Why, no, the thought hadn't crossed my mind. Thank you so much for setting me straight.
What they learned was I got a cheap phone and bought myself other stuff for that Christmas, and ALL they got were phones - most of which ended up not working as good as mine. If it makes you feel better, this coming Christmas my daughter already asked to get a cheaper phone so she could get something else. Life's little lessons are often learned better from experience than lecturing from a parent.
Heh... My favorite science teacher back in high school blew out the fume hood with a zinc dust/sulfur reload of an Estes model rocket engine. One of his demos had two police officers bursting into the room. (That one was actually completely harmless; he was demoing electrolysis of water, bubbling the stoichiometric results through soapy water, and lighting the bubbles to the delight of all. Made a crack like a
The last straw, I think, was the accidentally dropped bottle of butyric acid. Harmless enough, but... the smell... He didn't come back the next year, alas. He was enrolled in a PhD program last I heard.
I love her legacy!
Me too! Deep Throat was a classic! The way she... uh... wait -- Ada? Ada Lovelace? Uh, I mean, wow, yeah, math... and stuff.
So, being on a budget, and buying phones for the whole family (wife + 2 teenage kids), a couple of years ago I got us all new phones. The wife and kids needed the closest thing to a status symbol we could afford, so they got Samsung S3's; I don't care and saved like $100 getting the ZTE 9810. My screen is bigger, the battery lasts longer, and everything works fine on it. The only difference was memory (8GB vs 16), which is a problem because I hardly have anything installed and run out of memory really easily (external card helps, but doesn't fix the problem). But on the whole I like my phone just as much as they like their's because I don't care about brand names.
The S3's all have charging problems, too. The mini USB connectors just have a problem making a good connection.
I had to replace one recently - despite plans to get everyone new phones this Christmas, so I opted for one of the cheapest I could get. My wife, the biggest complainer in the bunch, got a $50 phone as a temporary replacement, and isn't complaining.
Sigh. Typos in the rotation. Should have been:
Rotation: X = X * cos(theta) - Y * sin(theta); Y = Y * cos(theta) + X * sin(theta);
No. I am one of the primary authors of what might be fairly described as a Photoshop-class application -- one with far more layer modes and built-in filters than Photoshop, as well as a full-bore built-in ray tracer and texturing facility. It is also considerably smaller and faster than Photoshop in the identical system environment. I am also the author of multiple realtime video and arcade games, etc. I'm telling you flat out that matrices are not required. Period.
Matrices may be the only way you know how to do these kinds of graphics; but they definitely aren't the only way to do it.
Just to take your example: "if you have 3-vectors (i.e. points relative to the origin in 3-space), any global linear transformation is represented by a matrix multiplying each vectors"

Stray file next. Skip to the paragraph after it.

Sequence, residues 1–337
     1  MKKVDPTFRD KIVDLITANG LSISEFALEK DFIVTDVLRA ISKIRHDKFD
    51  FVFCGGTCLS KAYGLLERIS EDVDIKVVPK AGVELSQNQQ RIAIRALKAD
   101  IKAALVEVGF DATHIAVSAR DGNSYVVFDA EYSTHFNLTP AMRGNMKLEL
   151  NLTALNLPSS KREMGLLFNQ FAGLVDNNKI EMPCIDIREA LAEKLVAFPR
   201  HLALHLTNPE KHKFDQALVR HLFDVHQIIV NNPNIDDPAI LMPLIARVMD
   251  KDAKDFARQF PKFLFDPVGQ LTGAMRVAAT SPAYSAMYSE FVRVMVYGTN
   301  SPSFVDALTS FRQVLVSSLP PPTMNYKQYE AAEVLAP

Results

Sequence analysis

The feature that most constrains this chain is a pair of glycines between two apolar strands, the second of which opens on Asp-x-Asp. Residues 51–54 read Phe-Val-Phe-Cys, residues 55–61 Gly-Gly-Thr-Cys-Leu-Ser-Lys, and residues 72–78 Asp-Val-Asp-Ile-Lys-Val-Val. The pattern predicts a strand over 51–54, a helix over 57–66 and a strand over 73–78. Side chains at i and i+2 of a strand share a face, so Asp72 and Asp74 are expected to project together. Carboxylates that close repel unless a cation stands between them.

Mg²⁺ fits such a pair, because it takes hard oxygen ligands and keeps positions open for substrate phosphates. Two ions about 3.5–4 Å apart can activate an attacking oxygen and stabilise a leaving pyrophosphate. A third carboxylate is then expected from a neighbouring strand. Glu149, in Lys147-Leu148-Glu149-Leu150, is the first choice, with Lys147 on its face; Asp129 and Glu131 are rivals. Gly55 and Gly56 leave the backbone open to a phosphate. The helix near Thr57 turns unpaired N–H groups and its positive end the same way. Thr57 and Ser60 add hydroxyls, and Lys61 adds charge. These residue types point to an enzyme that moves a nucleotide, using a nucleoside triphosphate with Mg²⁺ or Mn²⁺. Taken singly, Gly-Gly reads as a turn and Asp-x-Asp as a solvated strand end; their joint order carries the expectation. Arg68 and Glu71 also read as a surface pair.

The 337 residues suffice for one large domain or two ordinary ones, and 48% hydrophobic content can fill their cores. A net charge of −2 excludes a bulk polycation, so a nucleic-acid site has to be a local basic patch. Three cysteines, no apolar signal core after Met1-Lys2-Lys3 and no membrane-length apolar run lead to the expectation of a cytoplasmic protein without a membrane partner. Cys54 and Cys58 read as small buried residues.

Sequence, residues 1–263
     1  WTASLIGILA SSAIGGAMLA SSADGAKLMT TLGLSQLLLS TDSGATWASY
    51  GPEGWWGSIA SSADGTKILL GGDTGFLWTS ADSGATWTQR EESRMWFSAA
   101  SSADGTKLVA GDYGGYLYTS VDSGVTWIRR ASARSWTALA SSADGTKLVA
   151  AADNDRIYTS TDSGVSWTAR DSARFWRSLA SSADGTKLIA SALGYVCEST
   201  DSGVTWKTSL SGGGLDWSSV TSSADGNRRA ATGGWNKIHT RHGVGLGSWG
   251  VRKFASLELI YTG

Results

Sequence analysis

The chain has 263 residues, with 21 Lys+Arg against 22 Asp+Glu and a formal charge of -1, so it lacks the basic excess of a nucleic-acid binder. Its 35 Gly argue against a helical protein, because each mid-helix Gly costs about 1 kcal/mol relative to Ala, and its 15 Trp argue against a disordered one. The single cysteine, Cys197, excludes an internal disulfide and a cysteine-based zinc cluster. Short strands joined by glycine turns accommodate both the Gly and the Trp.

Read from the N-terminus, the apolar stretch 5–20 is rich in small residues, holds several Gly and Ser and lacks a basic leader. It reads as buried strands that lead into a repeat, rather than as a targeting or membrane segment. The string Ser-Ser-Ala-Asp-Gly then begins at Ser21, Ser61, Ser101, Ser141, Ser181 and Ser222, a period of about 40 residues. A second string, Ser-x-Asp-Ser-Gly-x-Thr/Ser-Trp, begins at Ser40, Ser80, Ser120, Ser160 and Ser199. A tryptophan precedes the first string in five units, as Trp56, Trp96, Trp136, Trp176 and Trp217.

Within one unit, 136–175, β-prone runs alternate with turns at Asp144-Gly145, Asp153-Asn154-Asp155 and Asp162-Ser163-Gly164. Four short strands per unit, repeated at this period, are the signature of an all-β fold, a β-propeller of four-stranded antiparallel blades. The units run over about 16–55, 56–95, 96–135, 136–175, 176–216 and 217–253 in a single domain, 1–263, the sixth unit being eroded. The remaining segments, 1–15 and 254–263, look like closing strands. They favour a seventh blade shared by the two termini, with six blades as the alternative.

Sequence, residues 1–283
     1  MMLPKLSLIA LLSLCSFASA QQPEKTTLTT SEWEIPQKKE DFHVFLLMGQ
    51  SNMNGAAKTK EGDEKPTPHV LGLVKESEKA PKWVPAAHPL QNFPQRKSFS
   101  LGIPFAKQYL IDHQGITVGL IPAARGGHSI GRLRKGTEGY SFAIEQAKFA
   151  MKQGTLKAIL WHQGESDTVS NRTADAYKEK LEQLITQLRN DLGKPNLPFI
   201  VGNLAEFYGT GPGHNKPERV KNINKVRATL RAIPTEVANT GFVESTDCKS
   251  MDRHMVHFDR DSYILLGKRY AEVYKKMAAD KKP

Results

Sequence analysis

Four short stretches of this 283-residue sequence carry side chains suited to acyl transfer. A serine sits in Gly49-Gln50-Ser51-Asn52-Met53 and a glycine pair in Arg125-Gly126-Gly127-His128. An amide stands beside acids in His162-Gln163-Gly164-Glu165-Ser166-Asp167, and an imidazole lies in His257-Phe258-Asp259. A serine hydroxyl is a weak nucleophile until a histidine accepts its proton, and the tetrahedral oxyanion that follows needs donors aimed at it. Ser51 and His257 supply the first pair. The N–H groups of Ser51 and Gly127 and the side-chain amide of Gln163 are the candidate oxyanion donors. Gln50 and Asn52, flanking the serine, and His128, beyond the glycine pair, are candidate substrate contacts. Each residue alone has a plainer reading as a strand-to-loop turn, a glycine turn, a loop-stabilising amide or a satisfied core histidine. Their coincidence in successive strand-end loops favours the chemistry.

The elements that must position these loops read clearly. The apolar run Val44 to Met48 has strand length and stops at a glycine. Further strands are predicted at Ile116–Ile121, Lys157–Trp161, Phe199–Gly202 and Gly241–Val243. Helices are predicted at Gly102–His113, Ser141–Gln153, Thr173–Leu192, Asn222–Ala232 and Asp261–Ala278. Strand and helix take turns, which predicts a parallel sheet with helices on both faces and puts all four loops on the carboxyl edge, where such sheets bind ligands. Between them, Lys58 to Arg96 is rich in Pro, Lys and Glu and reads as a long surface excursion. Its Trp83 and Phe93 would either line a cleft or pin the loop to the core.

The correct way to state this is: "if you have 3-vectors (i.e. points relative to the origin in 3-space), any global linear transformation can be represented by a matrix multiplying each vectors." Here is the non-matrix approach (and of course, there's always polar, which can also be easily handled.) This is for 2D points; 2D vectors and 3D points and vectors are all just a further (and trivial) generalizations of the following:
Translation: X += deltaX; Y += DeltaY
Rotation: X = X * cos(theta) - Y * sin(theta); Y = Y * cos(theta) + Y * sin(theta);
Scaling: X *= Xfactor; Y *= Yfactor
Shadows and reflections can be trivially accomplished with more of the same. Basically: R = 2(V dot N)N - V
"dot" is just the dot product, which again is a trivial combination of the lowest math primitives.
You are confusing the fact that matrices can be used to do something with the idea that matrices are the something.
With algebra, trig, and basic math in hand, the programmer's doors to 2D and 3D graphics are wide open.
The government doesn't obey the law.
Your phone is always awake, or can be, which is to say, the CPU running, albeit in a lower power state. From there, it takes very little energy to simply record what the mic is picking up. It doesn't need to be translated, and it can be sent, compressed, at widely spaced intervals in terms of battery load. It could be sent while you are otherwise connected. You'd be unlikely to notice a difference in power consumption.
Funny. Also precisely on target.
When speech recognition gets "decent", as TFS inaccurately states, which is to say, when it's good enough to understand me as well as a human does, then a lot of things will change. For instance, I wouldn't be typing this on a keyboard. I'd be speaking, which is quite a bit faster than typing. Probably never touch my phone other than to slip it into a pocket. Especially after there's a decent, power-efficient wearable display, or an in-eye projection, in front of face hologram, etc.
Right now, what the author calls "decent", I would describe as not even close to acceptable, with a grace note of "better than nothing."
I think it'll be a white yet, based on the crappy stuff available right now.
On the other hand, speech synthesis is actually decent at this point in time.
Just need a big portable turbine to stick in front of Donald Trump's mouth - there's enough wind there to power an entire city.
Whom computers would destroy, they must first drive mad.